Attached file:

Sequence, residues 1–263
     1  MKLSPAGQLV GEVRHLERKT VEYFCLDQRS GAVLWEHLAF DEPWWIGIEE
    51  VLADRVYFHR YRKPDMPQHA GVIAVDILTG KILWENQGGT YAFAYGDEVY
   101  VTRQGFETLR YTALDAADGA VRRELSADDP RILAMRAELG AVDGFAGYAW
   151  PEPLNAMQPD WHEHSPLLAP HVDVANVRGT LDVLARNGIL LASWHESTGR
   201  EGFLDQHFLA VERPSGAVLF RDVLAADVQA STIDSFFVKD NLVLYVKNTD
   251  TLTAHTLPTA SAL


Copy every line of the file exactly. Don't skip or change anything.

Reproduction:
Sequence, residues 1–263
     1  MKLSPAGQLV GEVRHLERKT VEYFCLDQRS GAVLWEHLAF DEPWWIGIEE
    51  VLADRVYFHR YRKPDMPQHA GVIAVDILTG KILWENQGGT YAFAYGDEVY
   101  VTRQGFETLR YTALDAADGA VRRELSADDP RILAMRAELG AVDGFAGYAW
   151  PEPLNAMQPD WHEHSPLLAP HVDVANVRGT LDVLARNGIL LASWHESTGR
   201  EGFLDQHFLA VERPSGAVLF RDVLAADVQA STIDSFFVKD NLVLYVKNTD
   251  TLTAHTLPTA SAL